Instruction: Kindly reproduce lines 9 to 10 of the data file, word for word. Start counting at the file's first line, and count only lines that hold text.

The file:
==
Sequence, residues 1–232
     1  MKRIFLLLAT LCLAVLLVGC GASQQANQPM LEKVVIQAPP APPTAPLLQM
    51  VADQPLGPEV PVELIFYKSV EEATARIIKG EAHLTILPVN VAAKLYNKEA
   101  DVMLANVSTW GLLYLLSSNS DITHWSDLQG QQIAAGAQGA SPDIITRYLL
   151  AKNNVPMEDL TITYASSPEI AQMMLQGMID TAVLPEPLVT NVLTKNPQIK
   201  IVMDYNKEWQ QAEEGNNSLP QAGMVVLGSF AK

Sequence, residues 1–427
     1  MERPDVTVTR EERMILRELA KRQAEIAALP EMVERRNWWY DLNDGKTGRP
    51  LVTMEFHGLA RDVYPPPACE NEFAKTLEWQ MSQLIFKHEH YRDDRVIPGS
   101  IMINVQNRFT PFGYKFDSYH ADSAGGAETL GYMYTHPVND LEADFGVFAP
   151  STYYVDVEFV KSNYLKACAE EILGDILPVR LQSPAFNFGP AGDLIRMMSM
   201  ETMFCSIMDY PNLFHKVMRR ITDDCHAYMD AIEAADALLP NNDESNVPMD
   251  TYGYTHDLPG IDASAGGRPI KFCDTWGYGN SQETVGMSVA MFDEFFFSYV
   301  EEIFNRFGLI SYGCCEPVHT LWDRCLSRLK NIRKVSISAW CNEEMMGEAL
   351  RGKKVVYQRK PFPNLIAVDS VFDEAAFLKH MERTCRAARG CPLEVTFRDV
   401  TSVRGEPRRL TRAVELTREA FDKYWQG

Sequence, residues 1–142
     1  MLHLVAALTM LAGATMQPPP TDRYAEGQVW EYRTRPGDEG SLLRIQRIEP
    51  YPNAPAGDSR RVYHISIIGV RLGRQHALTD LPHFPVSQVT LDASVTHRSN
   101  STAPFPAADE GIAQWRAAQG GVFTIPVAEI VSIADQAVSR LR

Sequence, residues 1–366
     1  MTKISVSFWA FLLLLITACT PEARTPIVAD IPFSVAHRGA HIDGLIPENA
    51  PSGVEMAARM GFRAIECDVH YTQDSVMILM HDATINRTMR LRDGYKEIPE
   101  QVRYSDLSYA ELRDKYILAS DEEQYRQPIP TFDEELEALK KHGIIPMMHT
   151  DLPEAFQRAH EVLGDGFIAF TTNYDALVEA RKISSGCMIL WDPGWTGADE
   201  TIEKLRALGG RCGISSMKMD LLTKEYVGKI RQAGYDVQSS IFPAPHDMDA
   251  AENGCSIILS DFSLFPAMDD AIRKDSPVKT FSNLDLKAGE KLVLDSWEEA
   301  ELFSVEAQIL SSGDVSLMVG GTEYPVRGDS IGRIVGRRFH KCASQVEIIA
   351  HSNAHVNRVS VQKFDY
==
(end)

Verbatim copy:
    51  LVTMEFHGLA RDVYPPPACE NEFAKTLEWQ MSQLIFKHEH YRDDRVIPGS
   101  IMINVQNRFT PFGYKFDSYH ADSAGGAETL GYMYTHPVND LEADFGVFAP